Students interested in the science behind art and its conservation will now be able to study at West Virginia University in the Bachelor of Arts in Technical Art History program, the first degree of its kind in the nation.
“Technical art history is an exciting and relatively new interdisciplinary research field that brings together the humanities, science and art,” said Rhonda Reymond, associate professor of art history. “It incorporates the close study of a physical object using scientific methods with the humanities-based research of art history. These scientific techniques, or research into the internal structures of a work of art, give us new insights into historical artistic techniques of making and materials as well as changes to the artifact that have occurred over time.”
Technical art history majors will take a variety of courses focusing on art history, scientific analysis and studio arts.
“The scientific analysis in technical art history can tell us of chemical components of paint and metalwork on a chair, what kind of wood was used, what tools might have been used, or if there was a later intervention to the materials or original processes, such as adding glue or modifying the chair with additions or alterations,” Reymond said. “From there, the art historical component extends this scientific analysis through external research that questions the original and altered form of the chair and where it was commonly produced, or how a particular non-indigenous wood or the metalwork got to that center of manufacture.”
“The studio arts training of the technical art historian means they might try to recreate the chair to further understand its production and any anomalies,” Reymond added. “These analyses may find that particular tools were introduced to a region well before we thought they were, or that there were plants common to an area used for paint pigment that no longer thrive in that locale or that we must care for and preserve objects in different ways because of their chemical make-up.”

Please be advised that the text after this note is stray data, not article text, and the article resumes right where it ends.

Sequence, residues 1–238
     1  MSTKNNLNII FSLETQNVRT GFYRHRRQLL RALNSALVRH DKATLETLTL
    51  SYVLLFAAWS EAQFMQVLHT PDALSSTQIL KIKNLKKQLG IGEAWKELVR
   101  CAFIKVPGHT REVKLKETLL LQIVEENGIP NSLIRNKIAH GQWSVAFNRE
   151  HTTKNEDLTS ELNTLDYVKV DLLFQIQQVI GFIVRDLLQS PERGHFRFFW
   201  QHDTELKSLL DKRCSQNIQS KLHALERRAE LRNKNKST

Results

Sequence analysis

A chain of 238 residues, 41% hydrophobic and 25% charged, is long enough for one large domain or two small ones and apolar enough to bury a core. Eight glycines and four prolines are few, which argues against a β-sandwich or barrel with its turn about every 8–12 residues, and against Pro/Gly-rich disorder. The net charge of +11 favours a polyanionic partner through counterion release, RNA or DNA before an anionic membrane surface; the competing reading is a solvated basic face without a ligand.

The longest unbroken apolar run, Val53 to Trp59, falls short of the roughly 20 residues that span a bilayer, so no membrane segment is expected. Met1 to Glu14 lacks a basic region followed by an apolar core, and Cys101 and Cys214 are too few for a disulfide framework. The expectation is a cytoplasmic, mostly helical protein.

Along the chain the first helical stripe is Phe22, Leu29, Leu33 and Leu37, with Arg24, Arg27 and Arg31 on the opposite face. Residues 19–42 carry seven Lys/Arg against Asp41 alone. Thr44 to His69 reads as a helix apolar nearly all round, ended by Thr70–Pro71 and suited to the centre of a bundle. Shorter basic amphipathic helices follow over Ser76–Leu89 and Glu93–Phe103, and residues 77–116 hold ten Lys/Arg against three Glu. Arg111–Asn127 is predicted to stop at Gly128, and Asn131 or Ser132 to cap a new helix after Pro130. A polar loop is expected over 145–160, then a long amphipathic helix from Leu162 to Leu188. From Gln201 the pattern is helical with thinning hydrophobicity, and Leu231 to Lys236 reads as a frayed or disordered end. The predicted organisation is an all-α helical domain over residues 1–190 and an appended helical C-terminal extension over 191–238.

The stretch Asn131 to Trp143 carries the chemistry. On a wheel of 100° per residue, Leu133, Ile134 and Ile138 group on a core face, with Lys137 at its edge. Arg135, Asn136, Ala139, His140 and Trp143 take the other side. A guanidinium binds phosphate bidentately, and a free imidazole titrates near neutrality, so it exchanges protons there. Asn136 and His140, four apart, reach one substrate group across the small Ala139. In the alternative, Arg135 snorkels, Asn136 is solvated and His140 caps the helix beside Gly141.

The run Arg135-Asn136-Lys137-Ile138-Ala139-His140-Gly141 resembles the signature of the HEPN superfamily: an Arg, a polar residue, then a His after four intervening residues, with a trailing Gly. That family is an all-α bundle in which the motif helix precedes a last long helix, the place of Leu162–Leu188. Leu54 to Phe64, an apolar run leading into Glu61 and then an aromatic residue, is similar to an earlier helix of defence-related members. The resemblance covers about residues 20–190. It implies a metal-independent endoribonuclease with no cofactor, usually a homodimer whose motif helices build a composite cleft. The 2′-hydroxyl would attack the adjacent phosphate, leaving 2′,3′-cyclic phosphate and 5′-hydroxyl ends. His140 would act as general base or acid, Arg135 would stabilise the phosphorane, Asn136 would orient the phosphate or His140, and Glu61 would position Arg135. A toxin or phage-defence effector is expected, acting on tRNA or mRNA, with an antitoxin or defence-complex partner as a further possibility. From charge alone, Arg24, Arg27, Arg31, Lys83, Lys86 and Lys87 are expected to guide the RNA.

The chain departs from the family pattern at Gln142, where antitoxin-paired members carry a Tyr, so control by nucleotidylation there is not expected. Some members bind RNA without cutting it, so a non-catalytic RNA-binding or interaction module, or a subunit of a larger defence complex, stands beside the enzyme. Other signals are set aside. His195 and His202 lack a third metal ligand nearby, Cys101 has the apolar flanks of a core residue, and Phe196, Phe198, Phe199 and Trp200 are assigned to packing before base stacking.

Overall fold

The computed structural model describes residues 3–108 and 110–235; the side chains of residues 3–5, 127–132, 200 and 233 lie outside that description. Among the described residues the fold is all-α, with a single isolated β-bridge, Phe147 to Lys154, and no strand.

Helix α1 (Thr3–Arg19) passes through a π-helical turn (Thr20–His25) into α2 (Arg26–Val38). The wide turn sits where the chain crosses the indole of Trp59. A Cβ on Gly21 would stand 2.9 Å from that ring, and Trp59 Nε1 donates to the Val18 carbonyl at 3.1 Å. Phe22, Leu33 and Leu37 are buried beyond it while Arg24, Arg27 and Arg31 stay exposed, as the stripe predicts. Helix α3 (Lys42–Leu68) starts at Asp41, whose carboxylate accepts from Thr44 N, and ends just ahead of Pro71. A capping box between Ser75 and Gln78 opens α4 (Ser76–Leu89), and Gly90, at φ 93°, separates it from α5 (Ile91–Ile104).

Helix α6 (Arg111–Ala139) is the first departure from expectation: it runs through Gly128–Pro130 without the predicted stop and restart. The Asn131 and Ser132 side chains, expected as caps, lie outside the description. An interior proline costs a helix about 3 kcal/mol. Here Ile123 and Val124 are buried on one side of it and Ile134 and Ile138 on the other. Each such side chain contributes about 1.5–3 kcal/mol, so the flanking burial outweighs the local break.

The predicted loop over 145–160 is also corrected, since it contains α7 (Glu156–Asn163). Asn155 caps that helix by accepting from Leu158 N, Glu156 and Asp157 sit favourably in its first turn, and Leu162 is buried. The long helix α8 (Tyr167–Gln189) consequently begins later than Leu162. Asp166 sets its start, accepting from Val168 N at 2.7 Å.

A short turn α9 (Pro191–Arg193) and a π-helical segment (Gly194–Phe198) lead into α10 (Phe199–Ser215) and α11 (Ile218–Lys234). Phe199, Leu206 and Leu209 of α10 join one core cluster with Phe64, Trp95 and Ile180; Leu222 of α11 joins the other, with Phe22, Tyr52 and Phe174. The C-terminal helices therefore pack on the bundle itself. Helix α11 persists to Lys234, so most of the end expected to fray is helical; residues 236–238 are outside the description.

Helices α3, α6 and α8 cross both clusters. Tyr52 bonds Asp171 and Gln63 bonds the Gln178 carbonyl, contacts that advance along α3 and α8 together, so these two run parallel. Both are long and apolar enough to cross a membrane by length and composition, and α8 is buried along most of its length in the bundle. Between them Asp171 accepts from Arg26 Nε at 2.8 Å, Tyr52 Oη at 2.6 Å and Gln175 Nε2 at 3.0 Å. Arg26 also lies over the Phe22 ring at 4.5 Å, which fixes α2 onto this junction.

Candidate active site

Because WVU offers a wide range of majors and courses, it is the ideal location for a technical art history major.
“The technical art history major is an ideal fit for WVU because we not only have the art history major within the School of Art & Design but also a studio art department that has majors in a variety of media,” Reymond said. “Students have access to courses in chemistry and physics, among other sciences, and the university has one of the foremost forensic and investigative science programs in the country. Courses offered in anthropology also enhance the technical art history major as do some through public history.”
Extra-curricular activities and programs offered at WVU will also benefit technical art history majors.
“Beyond coursework, students can gain practical experience through the Art Museum of WVU, plus the other two museums on campus, as well as through state and regional museums and conservation centers,” Reymond said. “The School of Art & Design also offers courses through its affiliation with San Gemini Preservation Studies in Italy, which fits perfectly with the curriculum of a technical art history major.”
WVU has hired Hanna Szczepanowska as a visiting assistant professor to teach many of the courses within the technical art history major. Szczepanowska most recently worked as a senior conservation scientist in Singapore to design a conservation laboratory and sustainable research program to be used for museum professionals. While in Singapore, she conducted field work exploring indigenous materials quintessential to Southeast Asia like rattan, lacquer and gutta percha. Szczepanowska received her Ph.D. in material science from Universite de Lyon, France.
“Students will bridge art with its material aspect, shedding light on the techniques, methods, forms and shapes used and misused by artists,” Szczepanowski said. “The intricacies of technological ingenuity underlying art creations over the span of centuries, analysis of materials and their preservation will be the core of this major. My professional trajectory spans across continents and art historical periods; from Northern Europe and North America to South East Asia, from the early medieval illuminations to aboriginal art. I am excited to share those experiences with students and bring my knowledge to the classroom.”
CONTACT: Bernadette Dombrowski, College of Creative Arts